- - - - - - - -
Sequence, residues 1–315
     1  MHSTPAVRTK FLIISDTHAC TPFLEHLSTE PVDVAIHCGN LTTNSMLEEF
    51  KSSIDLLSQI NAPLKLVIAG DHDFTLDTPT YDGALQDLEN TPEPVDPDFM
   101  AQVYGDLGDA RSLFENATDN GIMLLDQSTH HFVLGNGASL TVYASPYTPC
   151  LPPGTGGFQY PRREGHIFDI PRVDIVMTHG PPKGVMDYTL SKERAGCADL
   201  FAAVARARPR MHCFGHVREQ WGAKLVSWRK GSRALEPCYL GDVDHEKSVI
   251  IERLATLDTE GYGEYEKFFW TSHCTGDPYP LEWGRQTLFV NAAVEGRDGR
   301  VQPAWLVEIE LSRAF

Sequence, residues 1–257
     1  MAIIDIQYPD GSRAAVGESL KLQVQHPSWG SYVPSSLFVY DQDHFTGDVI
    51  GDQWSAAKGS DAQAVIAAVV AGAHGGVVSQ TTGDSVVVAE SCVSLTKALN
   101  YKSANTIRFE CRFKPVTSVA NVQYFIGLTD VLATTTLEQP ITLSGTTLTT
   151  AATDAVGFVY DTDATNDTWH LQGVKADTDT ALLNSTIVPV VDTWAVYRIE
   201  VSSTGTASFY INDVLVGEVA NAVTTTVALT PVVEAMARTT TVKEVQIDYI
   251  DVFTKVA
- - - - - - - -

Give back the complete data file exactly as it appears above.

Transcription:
Sequence, residues 1–315
     1  MHSTPAVRTK FLIISDTHAC TPFLEHLSTE PVDVAIHCGN LTTNSMLEEF
    51  KSSIDLLSQI NAPLKLVIAG DHDFTLDTPT YDGALQDLEN TPEPVDPDFM
   101  AQVYGDLGDA RSLFENATDN GIMLLDQSTH HFVLGNGASL TVYASPYTPC
   151  LPPGTGGFQY PRREGHIFDI PRVDIVMTHG PPKGVMDYTL SKERAGCADL
   201  FAAVARARPR MHCFGHVREQ WGAKLVSWRK GSRALEPCYL GDVDHEKSVI
   251  IERLATLDTE GYGEYEKFFW TSHCTGDPYP LEWGRQTLFV NAAVEGRDGR
   301  VQPAWLVEIE LSRAF

Sequence, residues 1–257
     1  MAIIDIQYPD GSRAAVGESL KLQVQHPSWG SYVPSSLFVY DQDHFTGDVI
    51  GDQWSAAKGS DAQAVIAAVV AGAHGGVVSQ TTGDSVVVAE SCVSLTKALN
   101  YKSANTIRFE CRFKPVTSVA NVQYFIGLTD VLATTTLEQP ITLSGTTLTT
   151  AATDAVGFVY DTDATNDTWH LQGVKADTDT ALLNSTIVPV VDTWAVYRIE
   201  VSSTGTASFY INDVLVGEVA NAVTTTVALT PVVEAMARTT TVKEVQIDYI
   251  DVFTKVA